While attending the University of Missouri-St. Louis to get her MBA, Shea Morgan got into a car accident. And then she became a witch with a business plan.
Morgan's journey to witchcraft technically began when she was a little girl who felt a special connection to the earth and experienced a few psychic moments during slumber parties. But it wasn't until the 2000 car accident that she started to really study witchcraft.
"A lot of people have what they call a 'Hero's Journey,' which is really a 'healing journey,' where you have physical things that happen to you or become wrong with you and that that drives you to seek healing and pushes you further along this path," Morgan tells Daily RFT.
The car wreck caused Morgan to require extensive surgery, but she was deeply afraid of the anesthesia -- a fear not totally unwarranted, given that 7 out of every 1 million anesthesia patients worldwide die due to complications from the procedure (other studies show a much lower rate in the U.S.).
To get over her fear, Morgan took a friend's advice and saw a hypnosis specialist. The specialist was also a metaphysician who spiked Morgan's curiosity about attaining other states of mind. See also: 'Tis a Good Time to Be a Witch and Pagan; Popularity of Beliefs Growing Fast
"As I did these things, it helped me get through it. But I think more than anything it's just one of those things that takes you into a direction," she says.
Raised a Christian but unsatisfied with its limited answers to life's questions, Morgan had always been interested in other beliefs, including Buddhism, Toltec wisdom and the various forms of Christianity. So while on a business trip in Boston, it's not surprising she picked up a book on witchcraft. But she ended up sticking with witchcraft, delving deeper into the different beliefs, as well as the healing powers of shamanism.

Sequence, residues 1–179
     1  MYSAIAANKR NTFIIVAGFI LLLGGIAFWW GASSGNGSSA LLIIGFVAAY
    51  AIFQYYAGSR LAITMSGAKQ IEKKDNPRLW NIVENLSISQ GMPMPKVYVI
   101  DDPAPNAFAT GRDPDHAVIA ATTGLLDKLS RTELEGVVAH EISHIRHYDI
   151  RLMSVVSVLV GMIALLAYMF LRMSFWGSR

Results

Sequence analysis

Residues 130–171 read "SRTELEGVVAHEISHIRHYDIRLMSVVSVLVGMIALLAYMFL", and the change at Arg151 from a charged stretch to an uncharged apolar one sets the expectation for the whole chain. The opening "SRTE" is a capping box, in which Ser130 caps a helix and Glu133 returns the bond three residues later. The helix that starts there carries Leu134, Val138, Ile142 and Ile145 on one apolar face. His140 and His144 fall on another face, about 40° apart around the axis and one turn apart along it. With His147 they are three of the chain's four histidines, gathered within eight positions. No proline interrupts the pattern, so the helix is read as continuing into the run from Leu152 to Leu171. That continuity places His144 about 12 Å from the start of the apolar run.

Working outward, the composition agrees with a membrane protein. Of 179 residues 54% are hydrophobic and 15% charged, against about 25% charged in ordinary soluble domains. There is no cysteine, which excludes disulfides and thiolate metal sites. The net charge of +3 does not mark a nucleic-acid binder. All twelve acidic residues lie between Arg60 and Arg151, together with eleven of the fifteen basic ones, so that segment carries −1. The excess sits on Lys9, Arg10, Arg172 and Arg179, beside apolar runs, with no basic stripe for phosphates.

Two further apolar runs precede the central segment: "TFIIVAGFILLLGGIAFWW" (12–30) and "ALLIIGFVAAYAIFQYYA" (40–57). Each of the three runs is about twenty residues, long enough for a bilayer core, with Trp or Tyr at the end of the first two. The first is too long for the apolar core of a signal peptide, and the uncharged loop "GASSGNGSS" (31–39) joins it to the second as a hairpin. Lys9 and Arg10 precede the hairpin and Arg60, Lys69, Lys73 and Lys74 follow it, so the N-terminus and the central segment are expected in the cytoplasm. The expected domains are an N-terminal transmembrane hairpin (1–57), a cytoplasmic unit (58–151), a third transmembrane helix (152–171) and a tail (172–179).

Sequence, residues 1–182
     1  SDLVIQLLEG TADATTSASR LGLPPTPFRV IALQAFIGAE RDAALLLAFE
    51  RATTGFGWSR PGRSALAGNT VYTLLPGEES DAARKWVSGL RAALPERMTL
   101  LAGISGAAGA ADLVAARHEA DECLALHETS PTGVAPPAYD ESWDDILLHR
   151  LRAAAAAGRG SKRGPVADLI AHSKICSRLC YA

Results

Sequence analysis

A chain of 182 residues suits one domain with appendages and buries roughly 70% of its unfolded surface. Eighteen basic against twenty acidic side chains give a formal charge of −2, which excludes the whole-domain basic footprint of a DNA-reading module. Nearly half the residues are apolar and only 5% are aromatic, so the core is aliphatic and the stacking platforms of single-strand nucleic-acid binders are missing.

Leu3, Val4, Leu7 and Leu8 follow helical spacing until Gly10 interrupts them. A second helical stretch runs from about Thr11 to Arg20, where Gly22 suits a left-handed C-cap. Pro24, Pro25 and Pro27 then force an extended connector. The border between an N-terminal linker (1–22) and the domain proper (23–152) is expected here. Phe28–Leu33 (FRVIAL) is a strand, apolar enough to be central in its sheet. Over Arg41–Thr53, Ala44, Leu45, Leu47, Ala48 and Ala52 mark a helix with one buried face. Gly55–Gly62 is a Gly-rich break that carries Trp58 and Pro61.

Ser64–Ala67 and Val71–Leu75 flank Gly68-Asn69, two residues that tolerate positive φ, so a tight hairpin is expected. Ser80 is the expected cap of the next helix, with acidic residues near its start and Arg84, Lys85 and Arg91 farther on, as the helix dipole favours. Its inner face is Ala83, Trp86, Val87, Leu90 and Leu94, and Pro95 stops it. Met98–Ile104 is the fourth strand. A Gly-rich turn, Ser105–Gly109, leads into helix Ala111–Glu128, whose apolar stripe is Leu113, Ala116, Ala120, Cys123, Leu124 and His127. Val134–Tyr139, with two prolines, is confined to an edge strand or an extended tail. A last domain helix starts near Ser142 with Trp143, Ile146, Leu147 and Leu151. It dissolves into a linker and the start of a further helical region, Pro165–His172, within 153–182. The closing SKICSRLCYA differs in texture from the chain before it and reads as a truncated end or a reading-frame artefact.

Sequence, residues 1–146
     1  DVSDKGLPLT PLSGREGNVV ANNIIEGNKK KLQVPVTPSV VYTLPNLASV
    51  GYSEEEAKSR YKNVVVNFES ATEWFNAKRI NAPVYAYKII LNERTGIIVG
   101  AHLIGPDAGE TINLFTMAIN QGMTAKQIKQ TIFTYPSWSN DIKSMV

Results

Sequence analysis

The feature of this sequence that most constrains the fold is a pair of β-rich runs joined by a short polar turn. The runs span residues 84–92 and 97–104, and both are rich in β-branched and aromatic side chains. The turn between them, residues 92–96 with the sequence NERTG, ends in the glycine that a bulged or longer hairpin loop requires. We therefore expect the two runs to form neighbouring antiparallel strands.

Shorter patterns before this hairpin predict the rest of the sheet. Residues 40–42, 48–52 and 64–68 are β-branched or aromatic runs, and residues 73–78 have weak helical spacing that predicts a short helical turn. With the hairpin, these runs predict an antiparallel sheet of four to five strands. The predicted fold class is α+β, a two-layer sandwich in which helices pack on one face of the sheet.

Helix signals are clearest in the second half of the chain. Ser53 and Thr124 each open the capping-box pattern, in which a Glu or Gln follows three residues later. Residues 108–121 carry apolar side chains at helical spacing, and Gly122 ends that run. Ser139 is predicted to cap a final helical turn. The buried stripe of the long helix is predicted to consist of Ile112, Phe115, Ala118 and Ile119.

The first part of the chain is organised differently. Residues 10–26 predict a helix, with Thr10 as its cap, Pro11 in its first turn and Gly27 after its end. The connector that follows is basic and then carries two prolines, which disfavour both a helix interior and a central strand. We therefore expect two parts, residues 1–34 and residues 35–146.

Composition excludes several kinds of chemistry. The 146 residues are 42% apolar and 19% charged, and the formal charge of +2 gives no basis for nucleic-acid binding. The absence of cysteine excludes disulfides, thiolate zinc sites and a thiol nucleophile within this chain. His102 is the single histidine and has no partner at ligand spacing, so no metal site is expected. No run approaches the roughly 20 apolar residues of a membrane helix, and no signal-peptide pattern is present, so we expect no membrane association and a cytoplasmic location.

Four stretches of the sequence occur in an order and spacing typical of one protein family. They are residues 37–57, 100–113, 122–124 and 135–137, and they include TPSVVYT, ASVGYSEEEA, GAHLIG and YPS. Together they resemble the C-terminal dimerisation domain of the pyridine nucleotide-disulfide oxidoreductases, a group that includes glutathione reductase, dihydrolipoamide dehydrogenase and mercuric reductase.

After six years of self-study, Morgan took on several years of formal training with the Salem, New Hampshire-based Temple of Witchcraft, a 501 (c)(3) nonprofit that has a few hundred members. She has also been a regular at the St. Louis Pagan Picnic, an annual shindig of occult enthusiasts, and has written about and taught classes on witchcraft over the past year.
And now, after more than two decades working in the business world while maintaining a very serious side gig as a witch, Morgan has started her own school -- Spirit's Edge -- where she will offer in-person and online classes to people interested in learning more about witchcraft and healing. But these classes aren't going to be an episode of Charmed. If anything, they are going to be more about soul searching than casting spells.
"A lot of people like to think of witchcraft as spells and that sort of thing. And sure, that's involved with it. But I kinda look at those as just our form of prayer and, in fact, the longer you're on this path, I think the less of that type of work you do because it really is all an internal development of the soul, essentially," Morgan says.
She adds that a good portion of the instruction is about "turning inward" through journaling, meditation and learning to "go with the ebb and flow" of the world.
"The most important thing is trying to connect with the divine that's within yourself. And the way I believe it, I believe the divine runs through all things. It's outside of us and within us," Morgan says.
Although Morgan says her business training is helping to get Spirit's Edge off the ground and attract new students, she is still keeping the witchcraft side of her life separate -- and somewhat secret -- from her day job. She says it's necessary because some people hear the word "witch" and too often get the wrong idea.
"Many folks do not understand this path, as it is something many are not familiar with or even come across in their lives," Morgan explains. "In my spiritual circles and life, we use a phrase of not being 'out of the broom closet.'"
But for Morgan, that won't deter her journey.
"The best way to do anything in life and to have it be successful is to have it be aligned with your true will," she says. "I think the car accident and the surgeries happened for a reason. It helped bring me further along this path and enable me to have these experiences I've had and help other people."
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